Tape/String Once you’ve made your cuts and positioned your branches, you’ll need something to hold them in place. You can use plant tape or string, whichever you prefer.
Clean Surface Mainlining requires precision, so be sure to work in a well-lit area with a clean surface. You can use a table, counter, or any flat surface that’s easy to clean.
Optional: Rooting Hormone If you plan to reuse the cuttings you remove from your plant, you can dip them in rooting hormone to encourage new root growth.

Having these tools on hand will help you complete your mainlining process with ease and precision. Having a clean and organized workspace will ensure that you can focus on the mainlining process and avoid any distractions or disruptions.

Step-by-Step Guide

The Step-by-Step Guide to Mainlining Your Cannabis Plants

Mainlining your cannabis plants involves several steps, which must be carefully done to ensure success. Here is a step-by-step guide to help you get started.

Step 1: Choose the Right Plant Select a healthy, robust plant that is at least 4-5 weeks old and has strong stem structure.
Step 2: Take Cuttings Take 4-8 cuttings from the plant, making sure to cut at a 45-degree angle just above a node. Remove any lower branches, leaves, or buds from the cuttings.
Step 3: Prepare the Cuttings Dip the cuttings in rooting hormone and plant them in a rooting medium such as rockwool cubes or peat pellets. Keep them in a warm, humid environment with good lighting.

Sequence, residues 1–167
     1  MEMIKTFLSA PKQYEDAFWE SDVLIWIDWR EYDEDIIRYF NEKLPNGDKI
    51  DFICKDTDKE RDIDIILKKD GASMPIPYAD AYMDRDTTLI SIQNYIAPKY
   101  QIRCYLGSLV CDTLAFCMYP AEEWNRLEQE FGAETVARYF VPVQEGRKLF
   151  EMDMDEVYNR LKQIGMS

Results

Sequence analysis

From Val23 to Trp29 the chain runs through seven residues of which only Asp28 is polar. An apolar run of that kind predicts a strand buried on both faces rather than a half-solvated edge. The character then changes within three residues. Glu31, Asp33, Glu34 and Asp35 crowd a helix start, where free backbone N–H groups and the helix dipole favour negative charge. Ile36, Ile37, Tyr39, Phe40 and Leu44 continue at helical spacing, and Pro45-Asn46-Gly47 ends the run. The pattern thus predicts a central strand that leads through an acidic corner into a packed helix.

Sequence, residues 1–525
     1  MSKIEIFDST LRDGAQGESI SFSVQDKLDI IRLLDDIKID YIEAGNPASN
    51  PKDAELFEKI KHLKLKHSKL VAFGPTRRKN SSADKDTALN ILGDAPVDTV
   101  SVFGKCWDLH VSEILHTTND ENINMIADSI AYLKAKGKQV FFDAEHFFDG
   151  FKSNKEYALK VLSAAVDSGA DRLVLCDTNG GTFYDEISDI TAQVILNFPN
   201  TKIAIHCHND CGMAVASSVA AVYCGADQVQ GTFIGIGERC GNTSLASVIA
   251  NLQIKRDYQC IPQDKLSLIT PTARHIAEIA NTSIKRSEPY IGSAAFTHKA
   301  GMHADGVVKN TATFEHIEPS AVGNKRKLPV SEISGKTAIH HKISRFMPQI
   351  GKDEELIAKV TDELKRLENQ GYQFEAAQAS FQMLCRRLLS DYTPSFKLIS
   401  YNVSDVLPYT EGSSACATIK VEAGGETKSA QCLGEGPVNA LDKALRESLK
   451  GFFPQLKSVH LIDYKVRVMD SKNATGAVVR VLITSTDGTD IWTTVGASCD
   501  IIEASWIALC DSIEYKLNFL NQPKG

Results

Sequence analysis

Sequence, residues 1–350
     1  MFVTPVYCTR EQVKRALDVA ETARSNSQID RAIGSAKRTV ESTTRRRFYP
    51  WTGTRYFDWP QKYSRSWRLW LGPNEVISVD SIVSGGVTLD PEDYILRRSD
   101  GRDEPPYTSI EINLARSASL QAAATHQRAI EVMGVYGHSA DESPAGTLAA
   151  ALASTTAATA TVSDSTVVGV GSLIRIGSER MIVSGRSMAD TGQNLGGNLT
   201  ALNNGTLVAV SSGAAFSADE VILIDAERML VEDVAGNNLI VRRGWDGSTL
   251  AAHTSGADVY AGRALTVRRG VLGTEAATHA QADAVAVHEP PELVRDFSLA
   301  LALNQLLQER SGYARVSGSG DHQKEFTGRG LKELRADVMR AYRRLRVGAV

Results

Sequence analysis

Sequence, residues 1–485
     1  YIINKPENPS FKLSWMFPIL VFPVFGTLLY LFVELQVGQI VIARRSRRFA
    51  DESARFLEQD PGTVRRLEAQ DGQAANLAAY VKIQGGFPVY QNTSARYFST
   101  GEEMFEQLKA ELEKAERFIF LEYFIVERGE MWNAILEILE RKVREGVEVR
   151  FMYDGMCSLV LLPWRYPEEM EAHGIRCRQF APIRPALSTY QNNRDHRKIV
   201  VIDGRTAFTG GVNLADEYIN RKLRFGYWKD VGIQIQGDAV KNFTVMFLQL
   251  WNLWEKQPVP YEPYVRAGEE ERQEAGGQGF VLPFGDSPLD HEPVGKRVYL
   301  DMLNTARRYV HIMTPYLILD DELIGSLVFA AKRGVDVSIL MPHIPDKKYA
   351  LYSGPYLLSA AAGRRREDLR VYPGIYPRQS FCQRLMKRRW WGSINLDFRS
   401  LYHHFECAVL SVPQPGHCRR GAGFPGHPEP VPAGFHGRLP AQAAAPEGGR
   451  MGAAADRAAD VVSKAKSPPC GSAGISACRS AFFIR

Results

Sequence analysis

Step 4: Choose Two Main Branches Once the cuttings have developed roots and grown to around 6 inches tall, choose two main branches to mainline. These will become the primary colas of your plant.
Step 5: Cut Away Side Branches Cut away all side branches and nodes from your chosen main branches, leaving only the top two nodes intact. Be sure to use a clean, sharp blade to avoid damaging the stems.
Step 6: Top the Stems Cut off the top of each stem just above the second node, taking care not to damage the remaining nodes. This will encourage new growth and help create a more symmetrical plant.
Step 7: Attach Yoyo Supports Attach Yoyo supports to the main branches and gently pull them outward to create a symmetrical canopy, with the two main branches at the center. Make sure that the Yoyo supports are not too tight, or they may damage the branches.
Step 8: Train the Branches As the plant grows, continue to train the two main branches to grow outward, clipping off any new stems that grow above the second node until you achieve the desired shape and size.
Step 9: Flowering and Harvesting Once your plant reaches the desired size, you can switch it to the flowering stage and harvest when the buds are fully mature.

Note: Be sure to keep your plant healthy with proper maintenance like regular watering, feeding, and pest control.